|Today was a pretty exciting
day for me! The under-cockpit doors! Well ok, maybe that doesn't sound
exciting to you, but I have been wanting to do these for over a year
now. Originally they were going to be made of straight plywood with some
heavy gauge mylar sheeting on it to make mirrors.
Bamboo doors together!
|After a while I realized this may be a
dumb idea because the doors are so low that they wouldn't add any
"roominess" to the aft, nor could they be used as a full mirror for
dressing up etc. (Unless we were "little people" better stay politically
correct there!) being only 4 feet high.
Then I was happy to just frame some GOS oak ply, although I had always expected more. It was yesterday that I started thinking about all the extra bamboo flooring we had left over from the forward half of the boat when I decided "hey why not use it to make those doors, instead of firewood!"
We drove into town and found a perfect piece of 1/4" x 8' x 2' rough ply for backing, asked the (now-I-know-to-be inexperienced) girl to cut it in half to make 2 48" pieces. When we returned, I immediately set to making the doors.
I carefully cut the bamboo to match each length of ply, overlapping for strength, and capped the top and bottom with routed-in oak board as the doors need to be 51" high.
After I took the photo (left) I noticed a horrible problem. Somehow, one door was a full 1/2" taller than the other! It then dawned on me that the girl who cut the wood either mis-measured, didn't care, or had never used a radial arm saw before. I wasn't present so guess we'll never know.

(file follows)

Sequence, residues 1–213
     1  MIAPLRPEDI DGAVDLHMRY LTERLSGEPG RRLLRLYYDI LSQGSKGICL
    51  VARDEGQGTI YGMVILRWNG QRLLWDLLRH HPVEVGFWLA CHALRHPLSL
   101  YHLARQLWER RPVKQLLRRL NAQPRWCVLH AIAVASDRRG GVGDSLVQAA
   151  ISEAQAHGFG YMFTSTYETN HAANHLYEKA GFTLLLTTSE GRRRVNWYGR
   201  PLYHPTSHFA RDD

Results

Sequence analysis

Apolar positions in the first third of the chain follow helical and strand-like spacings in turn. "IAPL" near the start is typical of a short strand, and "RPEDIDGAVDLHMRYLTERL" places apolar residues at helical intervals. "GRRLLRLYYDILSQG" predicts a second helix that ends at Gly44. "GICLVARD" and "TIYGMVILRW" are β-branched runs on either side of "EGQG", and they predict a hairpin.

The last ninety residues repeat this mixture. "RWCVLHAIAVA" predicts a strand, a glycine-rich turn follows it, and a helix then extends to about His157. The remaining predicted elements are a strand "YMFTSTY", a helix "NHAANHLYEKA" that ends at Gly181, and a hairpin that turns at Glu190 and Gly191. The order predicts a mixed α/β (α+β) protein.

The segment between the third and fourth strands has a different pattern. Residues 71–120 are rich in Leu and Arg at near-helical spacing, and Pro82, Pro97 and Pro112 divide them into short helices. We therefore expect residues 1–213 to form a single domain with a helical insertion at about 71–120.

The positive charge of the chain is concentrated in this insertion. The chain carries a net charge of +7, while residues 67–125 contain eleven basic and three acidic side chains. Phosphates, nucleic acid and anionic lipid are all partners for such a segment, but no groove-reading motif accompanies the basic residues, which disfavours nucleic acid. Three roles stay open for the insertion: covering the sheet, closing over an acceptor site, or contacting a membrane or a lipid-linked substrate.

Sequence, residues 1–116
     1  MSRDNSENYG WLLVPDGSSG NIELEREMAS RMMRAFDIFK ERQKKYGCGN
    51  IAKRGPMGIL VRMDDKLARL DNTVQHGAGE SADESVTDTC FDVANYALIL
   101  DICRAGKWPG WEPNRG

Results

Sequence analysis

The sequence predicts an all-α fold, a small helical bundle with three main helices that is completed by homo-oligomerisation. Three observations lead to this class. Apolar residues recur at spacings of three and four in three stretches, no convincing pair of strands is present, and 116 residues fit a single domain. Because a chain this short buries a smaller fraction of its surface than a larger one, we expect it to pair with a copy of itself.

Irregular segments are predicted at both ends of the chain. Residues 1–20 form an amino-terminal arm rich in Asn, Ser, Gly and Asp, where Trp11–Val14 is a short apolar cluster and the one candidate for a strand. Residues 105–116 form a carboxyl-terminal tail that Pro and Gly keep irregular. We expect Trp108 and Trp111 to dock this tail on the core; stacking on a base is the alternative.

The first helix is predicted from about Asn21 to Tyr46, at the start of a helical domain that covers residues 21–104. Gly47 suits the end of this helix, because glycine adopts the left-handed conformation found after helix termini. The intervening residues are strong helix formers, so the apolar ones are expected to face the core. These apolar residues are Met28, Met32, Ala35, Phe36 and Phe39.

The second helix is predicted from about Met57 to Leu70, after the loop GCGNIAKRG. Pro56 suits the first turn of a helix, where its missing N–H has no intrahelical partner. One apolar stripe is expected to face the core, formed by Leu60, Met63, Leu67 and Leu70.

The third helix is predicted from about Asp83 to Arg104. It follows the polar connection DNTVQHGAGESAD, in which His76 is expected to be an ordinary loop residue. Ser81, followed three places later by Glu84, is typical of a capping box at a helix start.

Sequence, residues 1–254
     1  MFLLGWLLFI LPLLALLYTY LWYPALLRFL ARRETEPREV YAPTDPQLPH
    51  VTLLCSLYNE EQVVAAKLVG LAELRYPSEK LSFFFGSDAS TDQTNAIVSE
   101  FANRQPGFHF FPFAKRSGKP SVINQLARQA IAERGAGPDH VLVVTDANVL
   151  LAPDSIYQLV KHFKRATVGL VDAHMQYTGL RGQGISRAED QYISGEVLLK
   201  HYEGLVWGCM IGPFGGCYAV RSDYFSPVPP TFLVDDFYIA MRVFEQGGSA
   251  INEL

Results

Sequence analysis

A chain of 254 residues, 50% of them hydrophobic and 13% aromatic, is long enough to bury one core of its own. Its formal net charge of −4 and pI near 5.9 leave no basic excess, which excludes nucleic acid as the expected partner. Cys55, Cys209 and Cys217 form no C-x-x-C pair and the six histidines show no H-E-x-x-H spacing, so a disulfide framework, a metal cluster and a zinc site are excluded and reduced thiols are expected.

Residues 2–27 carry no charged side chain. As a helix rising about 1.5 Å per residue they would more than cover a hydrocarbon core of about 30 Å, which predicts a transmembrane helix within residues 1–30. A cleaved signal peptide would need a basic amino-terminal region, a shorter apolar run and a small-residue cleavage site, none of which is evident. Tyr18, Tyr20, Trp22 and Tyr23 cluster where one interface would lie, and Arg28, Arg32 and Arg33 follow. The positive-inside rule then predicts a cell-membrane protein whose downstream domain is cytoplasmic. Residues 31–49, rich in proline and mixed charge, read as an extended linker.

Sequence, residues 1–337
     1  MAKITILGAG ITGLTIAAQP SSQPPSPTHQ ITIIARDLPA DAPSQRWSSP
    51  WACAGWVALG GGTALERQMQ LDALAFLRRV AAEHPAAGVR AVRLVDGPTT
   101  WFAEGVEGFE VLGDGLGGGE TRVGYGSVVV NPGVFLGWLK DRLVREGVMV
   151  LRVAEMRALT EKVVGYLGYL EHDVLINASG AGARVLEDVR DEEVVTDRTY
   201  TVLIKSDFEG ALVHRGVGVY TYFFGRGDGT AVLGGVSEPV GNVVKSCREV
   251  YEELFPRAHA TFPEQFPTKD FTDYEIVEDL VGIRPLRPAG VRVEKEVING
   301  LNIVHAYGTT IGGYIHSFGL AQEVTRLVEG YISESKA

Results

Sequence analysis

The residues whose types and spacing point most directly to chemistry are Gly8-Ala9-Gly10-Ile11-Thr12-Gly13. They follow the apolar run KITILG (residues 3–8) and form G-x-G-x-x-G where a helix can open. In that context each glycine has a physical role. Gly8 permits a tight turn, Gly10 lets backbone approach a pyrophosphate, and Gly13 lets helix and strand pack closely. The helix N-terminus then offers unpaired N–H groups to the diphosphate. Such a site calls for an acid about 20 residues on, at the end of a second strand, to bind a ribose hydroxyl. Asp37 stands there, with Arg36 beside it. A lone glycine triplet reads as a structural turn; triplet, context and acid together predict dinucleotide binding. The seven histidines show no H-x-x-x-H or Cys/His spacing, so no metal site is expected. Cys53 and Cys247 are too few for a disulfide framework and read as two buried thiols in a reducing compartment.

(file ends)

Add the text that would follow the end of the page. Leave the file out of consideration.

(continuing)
|I was pretty upset because the glue had dried and I have so looked forward to this. So I cut off 1/4" on each end. Nobody will notice, but I will. If this wasn't enough, once I attached the hinges, I realized that I had forgotten that the floor angles up slightly going aft. Just enough that the doors hit before fully open. That's without the carpet. Now I upset!! I had to cut off a further 1/2". Duh!|
|Well they're in now, and don't look too bad. By next week I'll have forgotten all about it, that is, until I read this page again!|
|Gena needed my help under the
cockpit, while I was goofing around with over-sized doors, to hook the chain
up to the pedestal (binnacle) steering.
When she mentioned what she was doing, I thought it was going to be a "double-wammy" day as I built the pedestal and aligned it by eye, but surprisingly, everything lined up! Yay! There is a god!
Notice the bolt in the sliding adjuster slot. There isn't much movement without prying down hard with a crow-bar because of the SS hydraulic lines. -Hoses allow for expansion in the system so best to minimize them.
Putting in steering chain to check alignment...it fits!
Strange view: Up the pedistal steering shaft
|The photo above (a hard one to
get!) going straight up to the outside steering station, shows the sprocket
and shaft connection above. The hole in the side is the entry point for the
throttle and shifter cables. The wiring comes down the handrail. (not shown)
Finally for today, while we were in town we stopped by Sean Finn's Machine Shop in Nisku, Ab. and picked up the custom split rudder collar he made us. Gena gingerly slid it in, and it fit perfectly!
This is to hold the rudder from jumping up and slamming the hard flange against the soft Torlon® bearing material.
11 hours: Made the cockpit doors, rigged the chain to cockpit steering, tested steering system, mounted rudder collar.
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